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Council boss will not be ‘shared’

PUBLISHED: 10:00 09 May 2011 | UPDATED: 10:00 09 May 2011

County councillors have rejected the idea of sharing their chief executive with other authorities

County councillors have rejected the idea of sharing their chief executive with other authorities

Archant Norfolk Photographic © 2011

County councillors in Norfolk have rejected suggestions from communities secretary Eric Pickles that the chief executive’s post is a non-job.

Mr Pickles is keen for councils to try and save cash by sharing top officer posts and has previously questioned both the value and substance of the chief executive’s role suggesting that

Some district authorities including Breckland and South Holland, and Great Yarmouth and South Norfolk, and Waveney and Suffolk Coastal have already decided to share their senior officer teams and move towards a single chief executive.

But a report by members of the county council’s corporate resources overview and scrutiny panel has given the thumbs down to the idea of sharing a chief executive with other authorities.

Currently boss David White has faced criticism for is basic £205,000 a year salary.

Ironically the authority had proposed a single boss when it had previously put forward proposals for a unitary Norfolk council during the Labour government’s local government review.

And it comes as uncertainty surrounds the role of Suffolk County Council’s under fire chief executive Andrea Hill, who has faced repeated criticisms for her £218,000 salary and has been asked to take extended leave while alleged “whistle-blowing” complaints are investigated.

But the cross-party working group opted to take an “objective” look at the value of the chief executive’s role in Norfolk following comments by Mr Pickles in 2010.

The group looked at whether the role of the chief executive could be shared between chief officers, the leader of the council, another county or district council and other public sector organisations, but concluded that if things went wrong, costs could be several times more than any savings made in salaries.

It noted other research which stated that significant savings were only possible if arrangements went beyond just the chief executive post and included senior management teams and services. And while it noted that there was potential for joint working with other county councils, joining up with another county would not only lead to an increased workload and make the chief executive answerable to two different political masters, but sharing senior management and or frontline services would be a “risky road”.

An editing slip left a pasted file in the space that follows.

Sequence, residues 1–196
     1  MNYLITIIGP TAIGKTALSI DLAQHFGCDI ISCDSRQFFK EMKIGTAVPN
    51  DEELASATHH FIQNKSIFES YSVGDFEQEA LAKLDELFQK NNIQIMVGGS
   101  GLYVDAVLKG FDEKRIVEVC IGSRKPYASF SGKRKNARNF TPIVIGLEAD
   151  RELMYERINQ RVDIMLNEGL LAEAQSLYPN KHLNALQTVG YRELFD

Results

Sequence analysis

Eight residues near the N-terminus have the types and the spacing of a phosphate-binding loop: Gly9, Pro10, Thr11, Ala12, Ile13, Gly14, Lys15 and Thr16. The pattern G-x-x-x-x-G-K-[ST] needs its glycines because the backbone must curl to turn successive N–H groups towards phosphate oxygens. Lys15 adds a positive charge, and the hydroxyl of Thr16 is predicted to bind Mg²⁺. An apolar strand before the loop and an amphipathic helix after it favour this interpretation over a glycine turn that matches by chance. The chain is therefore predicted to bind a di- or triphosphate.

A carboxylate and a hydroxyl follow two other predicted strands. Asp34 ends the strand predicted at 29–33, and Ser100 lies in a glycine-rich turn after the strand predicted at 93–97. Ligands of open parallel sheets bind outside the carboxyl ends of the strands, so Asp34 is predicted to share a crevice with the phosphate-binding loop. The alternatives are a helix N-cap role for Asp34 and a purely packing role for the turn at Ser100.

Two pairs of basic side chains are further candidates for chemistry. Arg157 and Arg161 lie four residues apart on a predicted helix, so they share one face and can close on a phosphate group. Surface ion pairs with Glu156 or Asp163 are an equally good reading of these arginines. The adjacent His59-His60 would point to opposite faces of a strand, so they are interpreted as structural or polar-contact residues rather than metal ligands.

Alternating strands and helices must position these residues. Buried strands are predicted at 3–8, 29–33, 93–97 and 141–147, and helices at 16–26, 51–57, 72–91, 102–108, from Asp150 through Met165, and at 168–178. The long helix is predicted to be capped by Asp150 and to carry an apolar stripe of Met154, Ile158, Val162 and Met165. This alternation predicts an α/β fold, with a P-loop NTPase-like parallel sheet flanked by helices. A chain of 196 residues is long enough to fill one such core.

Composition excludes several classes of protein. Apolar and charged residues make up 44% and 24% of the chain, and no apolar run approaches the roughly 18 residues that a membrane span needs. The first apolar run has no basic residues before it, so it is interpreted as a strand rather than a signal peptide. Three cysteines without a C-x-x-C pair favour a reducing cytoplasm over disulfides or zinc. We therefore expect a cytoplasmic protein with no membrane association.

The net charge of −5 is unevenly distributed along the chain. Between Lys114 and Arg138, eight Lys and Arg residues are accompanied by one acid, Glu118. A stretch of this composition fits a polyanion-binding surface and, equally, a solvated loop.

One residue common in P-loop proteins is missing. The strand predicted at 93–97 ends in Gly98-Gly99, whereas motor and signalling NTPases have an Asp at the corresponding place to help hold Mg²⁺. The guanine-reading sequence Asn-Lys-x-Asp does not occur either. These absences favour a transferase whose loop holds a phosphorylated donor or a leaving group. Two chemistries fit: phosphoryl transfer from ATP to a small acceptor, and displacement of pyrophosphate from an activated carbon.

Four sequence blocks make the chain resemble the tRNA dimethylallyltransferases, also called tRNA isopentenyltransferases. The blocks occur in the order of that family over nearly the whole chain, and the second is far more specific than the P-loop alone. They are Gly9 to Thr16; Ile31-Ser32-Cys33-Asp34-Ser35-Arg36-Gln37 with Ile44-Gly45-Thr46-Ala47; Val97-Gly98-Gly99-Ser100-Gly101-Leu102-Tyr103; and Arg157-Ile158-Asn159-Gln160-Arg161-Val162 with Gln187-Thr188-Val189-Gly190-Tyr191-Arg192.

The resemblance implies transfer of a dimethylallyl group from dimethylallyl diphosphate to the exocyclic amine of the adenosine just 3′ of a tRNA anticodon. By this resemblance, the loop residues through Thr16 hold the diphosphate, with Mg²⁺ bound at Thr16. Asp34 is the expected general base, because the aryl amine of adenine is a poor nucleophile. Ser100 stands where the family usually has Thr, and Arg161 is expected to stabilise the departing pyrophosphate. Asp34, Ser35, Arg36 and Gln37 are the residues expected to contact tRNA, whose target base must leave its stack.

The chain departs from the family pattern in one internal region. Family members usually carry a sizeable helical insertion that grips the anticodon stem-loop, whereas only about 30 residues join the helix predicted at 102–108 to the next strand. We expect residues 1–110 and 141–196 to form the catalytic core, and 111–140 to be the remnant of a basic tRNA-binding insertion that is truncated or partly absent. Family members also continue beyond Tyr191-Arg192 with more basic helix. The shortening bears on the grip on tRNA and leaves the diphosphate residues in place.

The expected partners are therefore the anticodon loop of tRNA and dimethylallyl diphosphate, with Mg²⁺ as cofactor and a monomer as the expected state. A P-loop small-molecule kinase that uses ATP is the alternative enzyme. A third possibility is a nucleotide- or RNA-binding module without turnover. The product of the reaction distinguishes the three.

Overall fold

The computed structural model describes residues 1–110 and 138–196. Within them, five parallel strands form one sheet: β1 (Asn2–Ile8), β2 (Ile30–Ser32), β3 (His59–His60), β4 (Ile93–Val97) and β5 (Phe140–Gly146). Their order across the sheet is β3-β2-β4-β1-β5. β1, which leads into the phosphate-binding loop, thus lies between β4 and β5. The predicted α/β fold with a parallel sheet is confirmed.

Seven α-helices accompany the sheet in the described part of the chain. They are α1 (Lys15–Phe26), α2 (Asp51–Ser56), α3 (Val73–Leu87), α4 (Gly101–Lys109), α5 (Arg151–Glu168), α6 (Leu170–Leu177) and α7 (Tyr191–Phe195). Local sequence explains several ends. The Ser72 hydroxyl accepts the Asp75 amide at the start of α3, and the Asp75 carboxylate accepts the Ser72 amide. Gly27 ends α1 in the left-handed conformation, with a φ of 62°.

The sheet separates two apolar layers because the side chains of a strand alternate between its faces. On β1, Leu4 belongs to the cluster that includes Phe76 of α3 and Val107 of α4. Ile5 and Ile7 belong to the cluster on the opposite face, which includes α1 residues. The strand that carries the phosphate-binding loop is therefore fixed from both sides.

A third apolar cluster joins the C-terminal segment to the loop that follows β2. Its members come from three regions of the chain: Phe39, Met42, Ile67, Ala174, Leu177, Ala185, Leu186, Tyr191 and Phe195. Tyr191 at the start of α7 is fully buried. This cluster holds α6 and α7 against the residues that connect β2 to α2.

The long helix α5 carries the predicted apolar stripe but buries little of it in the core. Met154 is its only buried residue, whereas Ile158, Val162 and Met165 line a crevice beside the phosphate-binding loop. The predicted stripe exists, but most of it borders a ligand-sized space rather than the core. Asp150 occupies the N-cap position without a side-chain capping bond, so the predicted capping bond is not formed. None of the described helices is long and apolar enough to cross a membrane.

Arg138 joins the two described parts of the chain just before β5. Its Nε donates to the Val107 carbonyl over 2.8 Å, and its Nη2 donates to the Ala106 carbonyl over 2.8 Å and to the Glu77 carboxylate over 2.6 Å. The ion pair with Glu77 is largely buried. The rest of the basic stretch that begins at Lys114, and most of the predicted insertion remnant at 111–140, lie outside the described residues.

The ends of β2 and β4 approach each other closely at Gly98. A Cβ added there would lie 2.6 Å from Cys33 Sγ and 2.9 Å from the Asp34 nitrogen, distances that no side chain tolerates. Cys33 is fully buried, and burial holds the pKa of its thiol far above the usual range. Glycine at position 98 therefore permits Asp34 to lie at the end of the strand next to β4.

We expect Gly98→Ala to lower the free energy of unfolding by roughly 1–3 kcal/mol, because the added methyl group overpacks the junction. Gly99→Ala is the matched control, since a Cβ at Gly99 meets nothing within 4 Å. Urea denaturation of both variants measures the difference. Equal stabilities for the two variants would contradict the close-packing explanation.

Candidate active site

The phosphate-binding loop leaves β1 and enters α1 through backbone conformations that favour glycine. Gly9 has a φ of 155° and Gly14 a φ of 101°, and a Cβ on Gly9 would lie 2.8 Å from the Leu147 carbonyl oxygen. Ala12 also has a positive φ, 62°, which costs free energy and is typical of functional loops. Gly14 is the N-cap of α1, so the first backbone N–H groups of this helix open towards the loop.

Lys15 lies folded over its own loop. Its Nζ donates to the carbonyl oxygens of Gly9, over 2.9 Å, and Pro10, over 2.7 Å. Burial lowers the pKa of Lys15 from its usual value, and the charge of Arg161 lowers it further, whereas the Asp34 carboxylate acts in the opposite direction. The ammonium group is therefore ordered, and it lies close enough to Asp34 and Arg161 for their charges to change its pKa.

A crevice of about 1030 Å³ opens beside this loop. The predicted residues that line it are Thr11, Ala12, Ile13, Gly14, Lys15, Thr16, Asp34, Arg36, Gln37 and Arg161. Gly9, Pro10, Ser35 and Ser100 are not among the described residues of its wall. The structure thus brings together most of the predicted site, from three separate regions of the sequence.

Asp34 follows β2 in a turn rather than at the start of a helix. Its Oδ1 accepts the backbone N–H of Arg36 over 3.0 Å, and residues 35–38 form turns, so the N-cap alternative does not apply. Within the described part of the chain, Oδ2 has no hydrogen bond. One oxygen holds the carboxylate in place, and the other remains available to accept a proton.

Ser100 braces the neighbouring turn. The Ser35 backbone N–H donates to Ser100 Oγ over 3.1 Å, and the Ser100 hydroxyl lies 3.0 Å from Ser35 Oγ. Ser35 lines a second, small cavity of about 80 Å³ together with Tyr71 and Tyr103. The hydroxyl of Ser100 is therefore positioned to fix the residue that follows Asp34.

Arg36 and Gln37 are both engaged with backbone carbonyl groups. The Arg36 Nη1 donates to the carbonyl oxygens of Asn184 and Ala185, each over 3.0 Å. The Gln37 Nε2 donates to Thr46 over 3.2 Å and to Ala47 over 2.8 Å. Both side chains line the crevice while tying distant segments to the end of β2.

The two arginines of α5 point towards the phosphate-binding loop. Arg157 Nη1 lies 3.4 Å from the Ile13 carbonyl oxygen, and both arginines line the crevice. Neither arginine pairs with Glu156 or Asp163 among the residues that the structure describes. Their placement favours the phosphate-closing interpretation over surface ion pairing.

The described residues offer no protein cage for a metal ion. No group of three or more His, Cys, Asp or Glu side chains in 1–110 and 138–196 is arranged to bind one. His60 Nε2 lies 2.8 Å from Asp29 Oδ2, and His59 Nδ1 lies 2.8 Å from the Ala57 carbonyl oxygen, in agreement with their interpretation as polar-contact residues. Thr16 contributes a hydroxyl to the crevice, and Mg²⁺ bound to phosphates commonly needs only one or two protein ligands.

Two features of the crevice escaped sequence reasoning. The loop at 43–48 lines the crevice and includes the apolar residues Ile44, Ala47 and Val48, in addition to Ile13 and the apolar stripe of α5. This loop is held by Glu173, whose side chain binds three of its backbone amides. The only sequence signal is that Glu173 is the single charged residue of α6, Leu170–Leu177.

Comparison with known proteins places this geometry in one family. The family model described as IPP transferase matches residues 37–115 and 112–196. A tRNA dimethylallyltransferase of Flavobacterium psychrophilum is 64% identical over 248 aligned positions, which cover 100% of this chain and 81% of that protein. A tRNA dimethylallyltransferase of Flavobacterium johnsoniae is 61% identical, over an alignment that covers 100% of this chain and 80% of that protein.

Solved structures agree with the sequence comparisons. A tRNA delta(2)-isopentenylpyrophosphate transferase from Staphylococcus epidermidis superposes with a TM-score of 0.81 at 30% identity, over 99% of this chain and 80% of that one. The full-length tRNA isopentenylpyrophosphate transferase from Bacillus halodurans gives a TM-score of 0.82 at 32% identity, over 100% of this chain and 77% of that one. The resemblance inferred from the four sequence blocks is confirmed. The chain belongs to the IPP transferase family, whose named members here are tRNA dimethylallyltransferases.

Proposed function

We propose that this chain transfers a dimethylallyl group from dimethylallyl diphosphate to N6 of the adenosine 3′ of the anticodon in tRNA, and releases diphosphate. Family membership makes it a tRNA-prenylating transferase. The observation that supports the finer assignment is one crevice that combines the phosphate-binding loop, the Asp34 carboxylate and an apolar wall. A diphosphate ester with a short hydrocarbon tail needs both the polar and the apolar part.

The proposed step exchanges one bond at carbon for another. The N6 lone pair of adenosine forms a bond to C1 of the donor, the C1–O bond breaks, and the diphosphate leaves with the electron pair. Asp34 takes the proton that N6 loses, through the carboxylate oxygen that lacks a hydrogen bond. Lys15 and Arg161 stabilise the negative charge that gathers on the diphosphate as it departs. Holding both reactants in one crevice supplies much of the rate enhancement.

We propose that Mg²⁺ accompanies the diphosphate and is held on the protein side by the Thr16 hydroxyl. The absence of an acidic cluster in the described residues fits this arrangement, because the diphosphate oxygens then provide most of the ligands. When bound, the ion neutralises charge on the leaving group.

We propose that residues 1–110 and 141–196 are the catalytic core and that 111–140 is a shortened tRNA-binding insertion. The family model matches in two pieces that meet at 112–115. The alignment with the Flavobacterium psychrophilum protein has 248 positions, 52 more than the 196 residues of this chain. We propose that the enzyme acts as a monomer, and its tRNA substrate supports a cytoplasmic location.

The report also stressed the increasingly complex nature of the post, which entails leading a very large organisation through significant change to ensure it is fit to face the future, pointing out that the number of senior officers reporting directly to Mr White had risen from six to ten since April of this year, following the deletion of the post of director of corporate resources.

A hundred managers’ posts had been deleted following a review, saving more than £4m a year in the process, and the management structure was being kept under review as the Authority moves towards a greater commissioning, rather than, service delivery model.

And it concluded that the functions are perfectly clear, although they accept that work needs to be done to raise public awareness of the role played by the chief executive in providing high quality, value for money services.

“We reject the suggestion made by the secretary of state for communities and local government that the post of a local authority chief executive is a ‘non job’. The functions seem perfectly clear and our witnesses from within Norfolk County Council, from both a political and senior management perspective, evidently value the contribution that this role makes to the overall running of the council.

“There are a number of risks involved in the various possible arrangements for sharing a Chief Executive, not least in reducing the capacity for providing strong, impartial leadership and accessibility to staff and Members. At best, part of any savings made is probably lost in remunerating other staff for taking on increased responsibilities. If things go wrong, however, the costs could be several times any savings made in salaries.”

Cliff Jordan, who chaired the working group, said he planned to send a copy of the group’s findings to Mr Pickles, stating that its conclusions were in the best interests of the people of Norfolk.

“We have had a very thorough look at this issue and while we aren’t saying other ways of working might not be right in other parts of the country, we are very clear about what is right for Norfolk at this stage in its development. Our job is to take an informed decision based on the facts and our belief is that councillors up and our down the country need to be free to decide what’s best for their particular county.”

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